Ford said seniors should have access to free transit, suggesting that the money for such an initiative could come from revoking the 21,000 free Metropasses that are currently in use.
“The majority go to TTC employees that get to ride the bus for free. All councillors get them for free,” he said, adding that, if elected, he would change this. “If anyone’s riding the TTC for free, it should be seniors.”
Pantalone, who supports Toronto’s Transit City plan, agreed that transportation is an important issue for seniors.
“Seniors have a particular role to play in our society, and using transit is part of it. In Toronto, transit is the biggest problem we have, and Transit City is the best solution,” he said, referring to an initiative of the current council under Mayor David Miller.
As part of the Transit City plan, Toronto would build eight new light-rail rapid transit lines that would extend to underserviced neighbourhoods, and would extend the subway to York University and into York Region.
As for the security needs of the Jewish community, Rossi said the city is obliged to protect its citizens, which is why Toronto’s police budget is “close to $1 billion” and would remain one of the top budget items if he’s elected mayor.
For his part, Smitherman said that the “security of anyone in our community is the business of everyone. We need to make sure the police are there to serve and protect.”
With respect to seniors getting value for their tax dollars, Smitherman reiterated that he’d extend free transit to seniors and that if elected, he would consider it “essential” to exercise “wage restraint” at City Hall over the next few years.
Rossi said that while he’s “not against” labour and unions, he thinks it’s impossible and unfair for the city to “sustain [municipal employees’ salary] increases” at the current rate.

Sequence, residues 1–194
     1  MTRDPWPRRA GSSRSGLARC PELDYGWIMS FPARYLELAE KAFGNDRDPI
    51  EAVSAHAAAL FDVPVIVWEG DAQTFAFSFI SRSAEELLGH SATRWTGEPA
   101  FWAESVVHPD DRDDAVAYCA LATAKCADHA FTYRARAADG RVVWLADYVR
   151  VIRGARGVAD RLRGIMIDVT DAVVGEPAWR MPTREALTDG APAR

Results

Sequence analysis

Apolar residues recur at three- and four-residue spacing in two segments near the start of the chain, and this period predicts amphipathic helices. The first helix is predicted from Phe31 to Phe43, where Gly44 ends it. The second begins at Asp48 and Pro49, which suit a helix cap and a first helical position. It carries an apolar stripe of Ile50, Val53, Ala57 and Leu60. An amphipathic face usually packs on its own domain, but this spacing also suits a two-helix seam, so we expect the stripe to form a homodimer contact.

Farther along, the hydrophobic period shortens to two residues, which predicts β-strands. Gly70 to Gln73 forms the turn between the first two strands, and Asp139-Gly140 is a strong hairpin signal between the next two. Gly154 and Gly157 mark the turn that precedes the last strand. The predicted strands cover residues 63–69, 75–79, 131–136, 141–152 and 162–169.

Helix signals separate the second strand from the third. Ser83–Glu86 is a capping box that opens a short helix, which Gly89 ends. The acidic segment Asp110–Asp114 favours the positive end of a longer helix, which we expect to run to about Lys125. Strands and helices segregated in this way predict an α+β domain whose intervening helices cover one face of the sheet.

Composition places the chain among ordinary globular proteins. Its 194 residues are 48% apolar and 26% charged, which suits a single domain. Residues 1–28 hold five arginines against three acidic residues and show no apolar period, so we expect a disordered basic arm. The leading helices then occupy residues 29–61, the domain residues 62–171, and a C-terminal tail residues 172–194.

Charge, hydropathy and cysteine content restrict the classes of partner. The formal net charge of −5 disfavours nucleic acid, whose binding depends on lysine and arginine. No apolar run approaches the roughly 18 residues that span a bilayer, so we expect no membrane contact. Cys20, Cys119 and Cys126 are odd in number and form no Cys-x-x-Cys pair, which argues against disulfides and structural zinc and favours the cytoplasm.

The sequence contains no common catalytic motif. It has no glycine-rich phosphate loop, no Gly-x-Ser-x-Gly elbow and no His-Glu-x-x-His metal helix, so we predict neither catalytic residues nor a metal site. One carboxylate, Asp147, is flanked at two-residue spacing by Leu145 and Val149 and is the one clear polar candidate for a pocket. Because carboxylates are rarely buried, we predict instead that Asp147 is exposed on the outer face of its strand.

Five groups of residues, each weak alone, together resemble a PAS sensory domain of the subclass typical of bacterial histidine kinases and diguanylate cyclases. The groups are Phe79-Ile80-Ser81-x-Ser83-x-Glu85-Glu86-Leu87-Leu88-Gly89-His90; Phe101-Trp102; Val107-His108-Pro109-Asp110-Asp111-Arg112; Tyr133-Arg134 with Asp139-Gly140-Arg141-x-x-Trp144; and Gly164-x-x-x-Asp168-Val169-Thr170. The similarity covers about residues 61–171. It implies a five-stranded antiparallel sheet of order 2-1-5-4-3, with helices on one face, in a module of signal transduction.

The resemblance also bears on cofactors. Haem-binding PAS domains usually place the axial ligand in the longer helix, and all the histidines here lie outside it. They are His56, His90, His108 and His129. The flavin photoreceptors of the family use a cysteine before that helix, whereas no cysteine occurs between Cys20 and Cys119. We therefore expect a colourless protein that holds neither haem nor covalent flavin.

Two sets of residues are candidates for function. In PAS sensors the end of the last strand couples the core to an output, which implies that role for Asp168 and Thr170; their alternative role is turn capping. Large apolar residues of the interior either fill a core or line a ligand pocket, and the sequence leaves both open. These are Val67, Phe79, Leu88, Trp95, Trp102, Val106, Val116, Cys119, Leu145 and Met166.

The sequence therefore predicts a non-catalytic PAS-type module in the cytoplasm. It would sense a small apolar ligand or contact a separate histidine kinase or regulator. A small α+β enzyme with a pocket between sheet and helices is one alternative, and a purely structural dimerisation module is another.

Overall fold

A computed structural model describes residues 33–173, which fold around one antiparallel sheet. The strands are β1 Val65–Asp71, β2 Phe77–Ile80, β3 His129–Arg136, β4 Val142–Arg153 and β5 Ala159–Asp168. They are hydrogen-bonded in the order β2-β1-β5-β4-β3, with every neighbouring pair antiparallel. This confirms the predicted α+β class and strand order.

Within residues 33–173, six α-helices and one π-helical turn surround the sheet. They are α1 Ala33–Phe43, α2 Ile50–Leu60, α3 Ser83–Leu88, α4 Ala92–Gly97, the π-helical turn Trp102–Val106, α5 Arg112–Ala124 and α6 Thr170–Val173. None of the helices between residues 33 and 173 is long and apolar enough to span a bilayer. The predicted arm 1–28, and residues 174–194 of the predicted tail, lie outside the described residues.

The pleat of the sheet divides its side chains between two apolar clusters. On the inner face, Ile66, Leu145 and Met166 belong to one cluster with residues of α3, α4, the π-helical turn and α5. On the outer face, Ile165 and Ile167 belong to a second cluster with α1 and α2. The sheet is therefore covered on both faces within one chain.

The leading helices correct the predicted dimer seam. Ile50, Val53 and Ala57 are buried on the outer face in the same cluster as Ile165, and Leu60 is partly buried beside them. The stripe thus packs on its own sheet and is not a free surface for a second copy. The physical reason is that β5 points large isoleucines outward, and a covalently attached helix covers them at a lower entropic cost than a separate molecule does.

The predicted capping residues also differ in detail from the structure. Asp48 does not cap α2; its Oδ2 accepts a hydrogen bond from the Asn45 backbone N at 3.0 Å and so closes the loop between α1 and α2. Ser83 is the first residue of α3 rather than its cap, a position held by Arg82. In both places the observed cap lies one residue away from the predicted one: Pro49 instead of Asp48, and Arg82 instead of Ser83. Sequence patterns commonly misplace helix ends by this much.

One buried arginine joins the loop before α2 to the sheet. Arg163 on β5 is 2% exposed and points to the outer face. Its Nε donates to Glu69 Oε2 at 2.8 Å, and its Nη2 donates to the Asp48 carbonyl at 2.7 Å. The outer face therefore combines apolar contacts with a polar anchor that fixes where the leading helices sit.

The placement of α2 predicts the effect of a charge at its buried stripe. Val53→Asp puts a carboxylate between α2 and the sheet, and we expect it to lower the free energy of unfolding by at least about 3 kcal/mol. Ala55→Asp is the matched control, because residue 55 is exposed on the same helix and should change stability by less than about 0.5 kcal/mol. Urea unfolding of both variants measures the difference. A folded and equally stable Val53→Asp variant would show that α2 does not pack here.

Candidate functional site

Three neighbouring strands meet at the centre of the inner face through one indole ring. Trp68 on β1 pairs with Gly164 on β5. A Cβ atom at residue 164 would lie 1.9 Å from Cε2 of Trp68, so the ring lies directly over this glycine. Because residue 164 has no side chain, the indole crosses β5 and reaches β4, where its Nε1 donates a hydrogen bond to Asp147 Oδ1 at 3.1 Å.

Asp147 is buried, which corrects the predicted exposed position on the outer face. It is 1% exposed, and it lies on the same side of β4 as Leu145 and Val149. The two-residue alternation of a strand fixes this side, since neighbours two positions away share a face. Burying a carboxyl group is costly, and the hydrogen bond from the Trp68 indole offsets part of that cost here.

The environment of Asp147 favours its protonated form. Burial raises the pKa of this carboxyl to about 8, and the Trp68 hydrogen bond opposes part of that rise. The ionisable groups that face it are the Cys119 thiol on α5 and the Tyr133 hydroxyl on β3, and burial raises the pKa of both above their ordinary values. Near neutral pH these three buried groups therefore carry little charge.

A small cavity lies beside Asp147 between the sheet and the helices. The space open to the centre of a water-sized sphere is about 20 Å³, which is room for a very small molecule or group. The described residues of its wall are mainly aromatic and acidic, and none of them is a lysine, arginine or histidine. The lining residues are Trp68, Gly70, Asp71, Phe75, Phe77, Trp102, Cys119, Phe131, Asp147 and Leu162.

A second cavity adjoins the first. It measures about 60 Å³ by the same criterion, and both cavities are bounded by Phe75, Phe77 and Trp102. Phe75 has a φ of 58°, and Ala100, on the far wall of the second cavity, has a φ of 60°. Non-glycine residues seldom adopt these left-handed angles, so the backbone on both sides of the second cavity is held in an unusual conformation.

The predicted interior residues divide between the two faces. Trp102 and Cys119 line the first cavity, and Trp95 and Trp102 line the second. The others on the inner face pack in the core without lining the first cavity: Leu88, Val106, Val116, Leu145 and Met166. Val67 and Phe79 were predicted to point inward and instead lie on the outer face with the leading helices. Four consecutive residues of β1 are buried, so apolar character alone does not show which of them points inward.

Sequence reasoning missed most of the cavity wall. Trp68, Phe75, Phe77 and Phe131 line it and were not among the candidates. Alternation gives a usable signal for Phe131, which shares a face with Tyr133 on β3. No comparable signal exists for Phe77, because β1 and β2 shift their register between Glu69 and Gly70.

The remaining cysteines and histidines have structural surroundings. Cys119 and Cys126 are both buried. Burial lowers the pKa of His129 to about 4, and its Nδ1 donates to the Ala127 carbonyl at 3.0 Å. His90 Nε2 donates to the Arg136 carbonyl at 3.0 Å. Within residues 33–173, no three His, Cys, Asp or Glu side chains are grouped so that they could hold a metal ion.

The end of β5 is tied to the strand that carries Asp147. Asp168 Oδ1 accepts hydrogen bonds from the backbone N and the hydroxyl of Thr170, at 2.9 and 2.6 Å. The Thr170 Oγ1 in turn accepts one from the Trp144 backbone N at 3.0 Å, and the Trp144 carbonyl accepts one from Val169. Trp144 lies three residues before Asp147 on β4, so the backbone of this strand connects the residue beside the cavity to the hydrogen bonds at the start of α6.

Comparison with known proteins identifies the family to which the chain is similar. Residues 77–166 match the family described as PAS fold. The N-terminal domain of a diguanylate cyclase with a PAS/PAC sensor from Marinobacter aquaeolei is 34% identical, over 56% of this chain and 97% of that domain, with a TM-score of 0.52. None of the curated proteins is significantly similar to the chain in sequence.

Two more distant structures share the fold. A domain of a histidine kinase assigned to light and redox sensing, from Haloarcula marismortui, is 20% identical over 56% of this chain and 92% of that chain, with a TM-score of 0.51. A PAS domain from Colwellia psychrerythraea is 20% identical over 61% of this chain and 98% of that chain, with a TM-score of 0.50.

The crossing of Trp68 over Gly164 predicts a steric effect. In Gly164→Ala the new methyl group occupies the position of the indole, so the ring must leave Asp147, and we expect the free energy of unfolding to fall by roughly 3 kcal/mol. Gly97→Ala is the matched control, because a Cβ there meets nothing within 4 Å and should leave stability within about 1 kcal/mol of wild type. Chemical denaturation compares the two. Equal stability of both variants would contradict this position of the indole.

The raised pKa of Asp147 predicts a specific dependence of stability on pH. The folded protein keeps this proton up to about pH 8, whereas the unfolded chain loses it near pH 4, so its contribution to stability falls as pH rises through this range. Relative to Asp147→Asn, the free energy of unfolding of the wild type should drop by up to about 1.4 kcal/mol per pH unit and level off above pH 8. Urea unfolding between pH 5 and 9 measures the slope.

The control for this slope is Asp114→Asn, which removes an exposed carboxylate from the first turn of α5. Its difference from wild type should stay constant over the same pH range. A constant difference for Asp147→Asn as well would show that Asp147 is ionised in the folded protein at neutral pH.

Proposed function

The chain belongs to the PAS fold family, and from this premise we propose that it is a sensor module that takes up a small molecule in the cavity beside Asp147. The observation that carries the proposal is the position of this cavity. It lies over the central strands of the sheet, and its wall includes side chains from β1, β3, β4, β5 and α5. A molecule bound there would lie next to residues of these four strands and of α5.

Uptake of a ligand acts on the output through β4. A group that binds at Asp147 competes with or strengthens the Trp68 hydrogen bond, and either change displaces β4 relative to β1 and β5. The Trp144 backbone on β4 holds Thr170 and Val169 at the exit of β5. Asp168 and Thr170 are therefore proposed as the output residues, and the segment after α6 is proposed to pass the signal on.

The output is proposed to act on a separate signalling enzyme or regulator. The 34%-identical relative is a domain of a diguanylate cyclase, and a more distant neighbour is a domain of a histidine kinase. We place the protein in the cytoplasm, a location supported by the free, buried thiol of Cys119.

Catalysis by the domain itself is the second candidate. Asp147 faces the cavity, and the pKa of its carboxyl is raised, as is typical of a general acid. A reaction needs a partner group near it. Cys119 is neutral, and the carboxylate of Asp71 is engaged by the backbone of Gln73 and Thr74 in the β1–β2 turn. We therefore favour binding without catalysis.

On the housing question, Smitherman said it would be his “priority” to ensure the elderly are supported in their “current homes” instead of being forced to move for financial reasons.
“We want to help them stay in the places where they feel loved already,” he said.
Rossi acknowledged that subsidized housing could be “part of the answer” to accommodating the needs of seniors, but he emphasized the need for the city to “partner with the private sector” to get housing projects done on time and on budget.
If elected, Pantalone said he’ll fight for better services for seniors, including snow removal, adding that seniors are more vulnerable to injuries as a result of poor upkeep of city streets.
“We want to improve services for seniors… When there’s [cracks] in the sidewalk, rather than patching it up, the city should come in once, with cement,” he said.
According to Ford, the city can’t afford to build more subsidized housing units, but there are many empty apartments for rent that may be too expensive for seniors.
“What we have to do is subsidize people’s rent and move them in,” he said, adding that the city can’t maintain subsidized housing.
“[The units] are not safe. There’s cockroaches. We cannot build more public housing,” he said.
Pantalone said that, if elected, he would freeze property tax for seniors with household incomes of less than $50,000, which would enable them to stay in their homes.
Ruth Goldsmith, the AJS vice-president in charge of communications, who was at the debate, said she was disappointed by some of the candidates’ answers.
“None of the candidates really got to grips with the day-to-day responsibilities of running a city. They were full of clichés,” she said.
In particular, Goldsmith wasn’t impressed with Ford.
“He struck me as being out of touch with the community, out of touch with what people really want. He got kudos for saying, ‘I’m going to cut taxes.’ Anyone can cut taxes, but if we want affordable housing, good transportation, we have to be ready to pay taxes,” she said.
“On the other hand, he’s saying, ‘I’m going to cut spending.’ Where’s the money going to come from?”
Goldsmith also questioned Pantalone’s leadership abilities.
“I think he’s a very well-meaning man… but as a leader, he doesn’t seem to have a vision for the city,” she said.